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Photo: Really Short

I recently watched Jamie Oliver’s speech at the TED Conference.  After receiving one of the 2010 TED prizes, he asked the audience to support his wish:

“I wish for your help to create a strong, sustainable movement to educate every child about food, inspire families to cook again and empower people everywhere to fight obesity.”

I am so happy Jamie Oliver is bringing attention to a subject so many of us passionately believe in. We can no longer afford to ignore the snowballing consequences that result from disconnected eating, processed food, and idle kitchen stoves. I truly believe teaching children and their families to cook will initiate the healthy food revolution we so desperately need.  I absolutely agree that children should know how to cook basic recipes when they finish school.  As simple as it may sound, I think basic cooking skills, along with food education curriculum could drastically improve the health of the next generation.  It won’t hurt health care costs either.

I started this website in an effort to help families connect with food, cooking, health and the environment (or is that fancy talk for wanting my own internet soap box?).  The Kula Kitchen aspect of this website was developed to show families that cooking can be easy, healthy, and fun.  I, like so many others, am a busy mom with little time to spend in the kitchen, even though I love to cook.  I know how hectic it can get balancing work and family demands.  Eating fresh, healthy food is important to me (and to the health of my family) so with a little planning I’m able to cook whole foods for my family almost every night.  Of course no one is perfect and at least once a month I send my husband down the street for Thai take out.  On the nights I lack inspiration in the kitchen, I use this website (and other favorites) to give me recipe ideas for the family.  Maybe the meal isn’t worthy of a Gourmet Magazine cover, but it’s always made up of healthy ingredients and a little love.  I tell you this because if I can do it, anyone can.  I didn’t learn to cook until after college and my culinary education wasn’t always tasty, trust me.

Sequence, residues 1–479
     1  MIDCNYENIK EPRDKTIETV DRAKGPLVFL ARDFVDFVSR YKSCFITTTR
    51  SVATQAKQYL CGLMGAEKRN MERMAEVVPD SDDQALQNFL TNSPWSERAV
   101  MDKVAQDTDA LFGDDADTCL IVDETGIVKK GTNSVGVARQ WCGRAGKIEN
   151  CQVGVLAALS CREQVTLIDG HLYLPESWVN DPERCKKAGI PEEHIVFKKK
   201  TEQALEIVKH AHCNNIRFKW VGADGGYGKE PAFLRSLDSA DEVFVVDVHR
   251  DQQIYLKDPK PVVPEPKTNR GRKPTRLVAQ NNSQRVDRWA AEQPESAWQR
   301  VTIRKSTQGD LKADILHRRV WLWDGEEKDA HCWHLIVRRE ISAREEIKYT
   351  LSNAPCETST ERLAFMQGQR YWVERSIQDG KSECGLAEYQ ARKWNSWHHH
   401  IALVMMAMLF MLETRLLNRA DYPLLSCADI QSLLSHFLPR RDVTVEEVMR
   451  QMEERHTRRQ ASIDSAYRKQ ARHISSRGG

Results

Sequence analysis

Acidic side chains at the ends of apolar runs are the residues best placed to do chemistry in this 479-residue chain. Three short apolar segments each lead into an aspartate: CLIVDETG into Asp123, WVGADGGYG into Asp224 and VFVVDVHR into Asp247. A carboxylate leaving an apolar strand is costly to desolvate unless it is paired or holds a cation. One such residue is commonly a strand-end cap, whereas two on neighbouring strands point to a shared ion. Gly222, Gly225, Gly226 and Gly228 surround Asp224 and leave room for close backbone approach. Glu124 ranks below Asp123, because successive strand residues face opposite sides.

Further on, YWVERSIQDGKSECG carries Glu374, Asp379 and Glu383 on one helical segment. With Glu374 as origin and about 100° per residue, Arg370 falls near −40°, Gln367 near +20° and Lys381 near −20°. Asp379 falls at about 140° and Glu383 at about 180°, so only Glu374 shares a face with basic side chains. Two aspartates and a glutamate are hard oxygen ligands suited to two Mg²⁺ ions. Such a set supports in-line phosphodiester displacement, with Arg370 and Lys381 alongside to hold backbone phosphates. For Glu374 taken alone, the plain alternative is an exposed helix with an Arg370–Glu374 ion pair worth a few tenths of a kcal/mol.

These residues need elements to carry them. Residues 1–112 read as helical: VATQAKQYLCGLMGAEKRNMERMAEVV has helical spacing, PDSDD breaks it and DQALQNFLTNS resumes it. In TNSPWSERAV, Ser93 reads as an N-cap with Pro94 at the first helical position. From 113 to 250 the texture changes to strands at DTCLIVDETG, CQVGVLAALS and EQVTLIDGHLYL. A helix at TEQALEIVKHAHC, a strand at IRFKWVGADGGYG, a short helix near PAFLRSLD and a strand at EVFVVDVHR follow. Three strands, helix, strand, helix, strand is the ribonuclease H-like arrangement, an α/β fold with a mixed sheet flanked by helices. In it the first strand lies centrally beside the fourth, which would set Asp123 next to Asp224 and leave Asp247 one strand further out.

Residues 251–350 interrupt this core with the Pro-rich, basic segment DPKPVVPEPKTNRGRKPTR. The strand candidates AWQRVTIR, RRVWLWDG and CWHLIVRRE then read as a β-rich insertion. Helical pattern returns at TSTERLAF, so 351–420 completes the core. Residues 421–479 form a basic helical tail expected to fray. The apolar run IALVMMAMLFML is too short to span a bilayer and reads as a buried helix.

Ideally I believe food education for our children should start in the home, but without support from schools our home efforts are lost.  The majority of our kid’s meals are eaten at school.  Fresh, healthy, WHOLE foods in the cafeteria are vital to the health and well being of our children.  We can not ignore the sub-standard “food” served to our children in school because, for many children, the meals they eat in the cafeteria are the only nutrients they receive for the day.  Feeding children sugar and processed foods at school is, quite literally, destroying them in every way.

Farm-to-table school lunch programs exist and flourish in many districts throughout the country and prove that eating local, organic, sustainable food does not have to cost a fortune.  I’ve toured amazing elementary school gardens and witnessed kids clamoring for first position in the salad bar queue.  Yes, healthy school lunch programs do exist and I believe if we demand change, schools that are lacking will soon follow suit.  Healthy food should never be exclusive to only a few select, progressive schools.  Every child deserves nourishment at school and in the home.  And with ambassadors like Jamie Oliver, a food revolution might be in the making.

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